Nvidia CEO: "Software is eating the world, but AI is going to eat software"

#artificialintelligence

Tech companies and investors have recently been piling money into artificial intelligence--and plenty has been trickling down to chip maker Nvidia. The company's revenues have climbed as it has started making hardware customized for machine-learning algorithms and use cases such as autonomous cars. At the company's annual developer conference in San Jose, California, this week, the company's CEO Jensen Huang spoke to MIT Technology Review about how the machine-learning revolution is just starting. Nvidia has benefitted from a rapid explosion of investment in machine learning from tech companies. Can this rapid growth in the use cases for machine learning continue?


Nvidia CEO: "Software is eating the world, but AI is going to eat software"

#artificialintelligence

Nvidia has benefitted from a rapid explosion of investment in machine learning from tech companies. Can this rapid growth in the use cases for machine learning continue? Recent research results from applying machine learning to diagnosis are impressive (see "An AI Ophthalmologist Shows How Machine Learning May Transform Medicine"). Your chips are already driving some cars: all Tesla vehicles now use Nvidia's Drive PX 2 computer to power the Autopilot feature that automates highway driving.


Nvidia CEO: Software Is Eating the World, but AI Is Going to Eat Software

#artificialintelligence

Tech companies and investors have recently been piling money into artificial intelligence--and plenty has been trickling down to chip maker Nvidia. The company's revenues have climbed as it has started making hardware customized for machine-learning algorithms and use cases such as autonomous cars. At the company's annual developer conference in San Jose, California, this week, the company's CEO Jensen Huang spoke to MIT Technology Review about how the machine-learning revolution is just starting. Nvidia has benefitted from a rapid explosion of investment in machine learning from tech companies. Can this rapid growth in the use cases for machine learning continue?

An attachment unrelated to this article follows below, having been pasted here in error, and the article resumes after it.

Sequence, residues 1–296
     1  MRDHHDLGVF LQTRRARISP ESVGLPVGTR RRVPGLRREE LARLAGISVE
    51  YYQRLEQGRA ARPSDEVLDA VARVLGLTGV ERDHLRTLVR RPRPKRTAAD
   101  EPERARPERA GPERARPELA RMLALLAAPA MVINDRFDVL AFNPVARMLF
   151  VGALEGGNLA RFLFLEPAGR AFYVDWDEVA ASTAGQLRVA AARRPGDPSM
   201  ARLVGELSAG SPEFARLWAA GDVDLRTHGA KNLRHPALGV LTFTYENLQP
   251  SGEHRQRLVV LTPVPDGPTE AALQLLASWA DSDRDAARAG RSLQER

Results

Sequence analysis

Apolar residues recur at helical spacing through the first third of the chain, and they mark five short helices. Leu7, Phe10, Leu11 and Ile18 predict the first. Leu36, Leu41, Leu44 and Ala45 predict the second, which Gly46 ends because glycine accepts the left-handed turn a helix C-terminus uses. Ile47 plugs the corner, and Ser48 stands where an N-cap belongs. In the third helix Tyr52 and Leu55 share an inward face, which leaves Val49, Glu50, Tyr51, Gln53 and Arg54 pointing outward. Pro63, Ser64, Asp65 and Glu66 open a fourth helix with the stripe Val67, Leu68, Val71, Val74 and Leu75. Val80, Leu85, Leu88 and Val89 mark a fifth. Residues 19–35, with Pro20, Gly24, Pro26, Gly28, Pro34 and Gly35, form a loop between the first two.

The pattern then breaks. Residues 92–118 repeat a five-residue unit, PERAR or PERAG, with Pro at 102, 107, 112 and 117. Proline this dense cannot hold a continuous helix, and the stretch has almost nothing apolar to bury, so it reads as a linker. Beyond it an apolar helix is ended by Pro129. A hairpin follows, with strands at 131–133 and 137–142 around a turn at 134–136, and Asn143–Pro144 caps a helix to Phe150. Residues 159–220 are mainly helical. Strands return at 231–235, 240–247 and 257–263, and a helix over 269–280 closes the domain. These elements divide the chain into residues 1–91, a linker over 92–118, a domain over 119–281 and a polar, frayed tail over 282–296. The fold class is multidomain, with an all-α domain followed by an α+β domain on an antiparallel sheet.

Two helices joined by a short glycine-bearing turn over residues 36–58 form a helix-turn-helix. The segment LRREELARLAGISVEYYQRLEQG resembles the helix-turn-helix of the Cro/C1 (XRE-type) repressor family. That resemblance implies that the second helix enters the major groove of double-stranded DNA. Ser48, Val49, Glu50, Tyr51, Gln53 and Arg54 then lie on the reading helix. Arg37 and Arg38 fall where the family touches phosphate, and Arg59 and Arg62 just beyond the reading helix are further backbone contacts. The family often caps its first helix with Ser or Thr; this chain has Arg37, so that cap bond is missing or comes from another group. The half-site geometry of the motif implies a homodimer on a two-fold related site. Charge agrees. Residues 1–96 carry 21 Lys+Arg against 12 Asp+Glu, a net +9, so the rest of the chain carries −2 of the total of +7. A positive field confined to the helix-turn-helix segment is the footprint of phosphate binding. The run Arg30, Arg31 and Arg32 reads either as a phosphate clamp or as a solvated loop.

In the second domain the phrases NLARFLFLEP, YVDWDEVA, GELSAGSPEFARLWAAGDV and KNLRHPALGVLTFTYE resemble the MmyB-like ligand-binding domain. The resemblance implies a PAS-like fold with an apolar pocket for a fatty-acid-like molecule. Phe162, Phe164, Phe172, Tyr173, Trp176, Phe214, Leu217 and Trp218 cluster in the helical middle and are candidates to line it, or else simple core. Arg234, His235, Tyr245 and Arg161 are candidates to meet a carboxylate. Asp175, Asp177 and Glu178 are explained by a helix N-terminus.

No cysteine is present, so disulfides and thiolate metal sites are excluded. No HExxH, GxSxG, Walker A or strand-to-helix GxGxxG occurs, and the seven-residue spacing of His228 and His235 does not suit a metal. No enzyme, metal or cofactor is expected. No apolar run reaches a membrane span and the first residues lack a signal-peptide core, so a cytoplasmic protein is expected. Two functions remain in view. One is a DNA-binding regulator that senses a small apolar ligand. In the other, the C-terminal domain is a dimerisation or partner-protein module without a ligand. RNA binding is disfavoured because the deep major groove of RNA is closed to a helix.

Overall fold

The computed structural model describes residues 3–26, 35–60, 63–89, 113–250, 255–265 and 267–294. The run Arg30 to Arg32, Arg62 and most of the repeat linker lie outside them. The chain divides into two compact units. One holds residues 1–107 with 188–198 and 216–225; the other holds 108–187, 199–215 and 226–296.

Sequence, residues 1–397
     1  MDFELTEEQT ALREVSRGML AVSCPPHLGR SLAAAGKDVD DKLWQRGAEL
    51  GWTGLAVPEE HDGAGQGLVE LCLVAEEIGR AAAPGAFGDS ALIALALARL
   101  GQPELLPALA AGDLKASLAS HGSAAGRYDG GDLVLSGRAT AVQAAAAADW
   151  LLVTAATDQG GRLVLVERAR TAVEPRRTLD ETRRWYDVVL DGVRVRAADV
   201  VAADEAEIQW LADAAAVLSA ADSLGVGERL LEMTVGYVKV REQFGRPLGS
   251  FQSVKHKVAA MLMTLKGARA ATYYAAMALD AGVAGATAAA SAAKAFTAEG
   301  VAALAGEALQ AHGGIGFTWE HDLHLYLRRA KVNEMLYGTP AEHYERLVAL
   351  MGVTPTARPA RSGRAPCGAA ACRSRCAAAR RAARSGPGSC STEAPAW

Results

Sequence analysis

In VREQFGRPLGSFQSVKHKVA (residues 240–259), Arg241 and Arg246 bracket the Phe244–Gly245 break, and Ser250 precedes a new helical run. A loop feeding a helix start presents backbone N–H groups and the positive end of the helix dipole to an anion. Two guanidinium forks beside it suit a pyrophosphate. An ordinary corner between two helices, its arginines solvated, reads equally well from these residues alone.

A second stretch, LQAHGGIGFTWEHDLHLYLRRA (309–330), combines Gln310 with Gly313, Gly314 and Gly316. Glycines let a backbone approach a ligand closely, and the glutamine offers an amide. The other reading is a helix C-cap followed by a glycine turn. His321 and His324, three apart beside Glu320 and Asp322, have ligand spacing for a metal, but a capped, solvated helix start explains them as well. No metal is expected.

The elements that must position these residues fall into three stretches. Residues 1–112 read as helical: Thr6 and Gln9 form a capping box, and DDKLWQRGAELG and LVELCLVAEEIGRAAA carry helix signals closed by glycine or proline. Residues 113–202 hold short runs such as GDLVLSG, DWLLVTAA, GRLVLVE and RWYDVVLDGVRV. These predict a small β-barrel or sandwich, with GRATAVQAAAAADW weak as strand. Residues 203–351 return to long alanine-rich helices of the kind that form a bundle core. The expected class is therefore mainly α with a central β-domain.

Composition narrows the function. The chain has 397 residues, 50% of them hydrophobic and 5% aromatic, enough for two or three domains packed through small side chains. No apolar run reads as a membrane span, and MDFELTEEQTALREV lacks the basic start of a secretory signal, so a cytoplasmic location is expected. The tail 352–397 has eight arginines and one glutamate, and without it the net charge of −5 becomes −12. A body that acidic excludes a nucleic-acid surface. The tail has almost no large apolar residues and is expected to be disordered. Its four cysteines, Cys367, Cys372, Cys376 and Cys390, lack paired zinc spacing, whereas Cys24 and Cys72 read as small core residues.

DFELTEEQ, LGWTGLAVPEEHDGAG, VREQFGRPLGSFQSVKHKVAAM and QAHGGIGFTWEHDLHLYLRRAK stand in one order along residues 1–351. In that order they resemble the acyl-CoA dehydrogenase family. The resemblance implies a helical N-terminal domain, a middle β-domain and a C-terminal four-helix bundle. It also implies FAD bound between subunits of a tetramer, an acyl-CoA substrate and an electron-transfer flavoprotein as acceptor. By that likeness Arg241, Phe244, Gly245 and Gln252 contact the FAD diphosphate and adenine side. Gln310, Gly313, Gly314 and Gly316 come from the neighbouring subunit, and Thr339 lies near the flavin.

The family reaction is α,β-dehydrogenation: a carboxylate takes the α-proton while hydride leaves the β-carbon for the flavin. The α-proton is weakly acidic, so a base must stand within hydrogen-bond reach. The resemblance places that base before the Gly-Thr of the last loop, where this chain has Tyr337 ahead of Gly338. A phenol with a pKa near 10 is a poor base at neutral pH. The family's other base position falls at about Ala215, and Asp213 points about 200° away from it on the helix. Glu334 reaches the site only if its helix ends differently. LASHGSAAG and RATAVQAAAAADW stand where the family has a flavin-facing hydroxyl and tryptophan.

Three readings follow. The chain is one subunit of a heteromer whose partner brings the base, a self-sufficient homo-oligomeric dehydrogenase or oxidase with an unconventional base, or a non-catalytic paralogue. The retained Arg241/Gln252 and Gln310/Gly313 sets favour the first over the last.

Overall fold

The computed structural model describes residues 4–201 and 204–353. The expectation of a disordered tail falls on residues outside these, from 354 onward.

Battle to Provide Chips for the AI Boom Heats Up

MIT Technology Review

Jensen Huang beamed out over a packed conference hall in San Jose, California, on Wednesday as he announced his company's new chip aimed at accelerating artificial intelligence algorithms. But metaphorically speaking, the CEO of chip maker Nvidia was looking over his shoulder. Nvidia's profits and stock have surged over the past few years because the graphics processors it invented to power gaming and graphics production have enabled many recent breakthroughs in machine learning (see "10 Breakthrough Technologies 2013: Deep Learning"). But as investment in artificial intelligence soars, Huang's company now faces competition from Intel, Google, and others working on their own AI chips. At Nvidia's annual developer conference on Wednesday, Huang carefully avoided mentioning any competitors by name as he introduced Nvidia's latest chip, named the Tesla V100.


How a gaming chip could someday save your life

#artificialintelligence

Jensen Huang, the billionaire CEO of Nvidia, has made a fortune by supplying the hardware used for artificial-intelligence algorithms. He's now betting that AI is about to become an indispensable part of medicine. In the early 1990s, Huang recognized that the limitations of general-purpose computer chips and the rise of computer gaming would be likely to increase demand for specialized graphics processors. During the late '90s and 2000s, the company he cofounded found huge success making high-end graphics chips for gamers. More recently Huang and Nvidia have ridden a different technology wave, supplying the hardware used to train and run the deep-learning algorithms that have been key to a recent renaissance in artificial intelligence.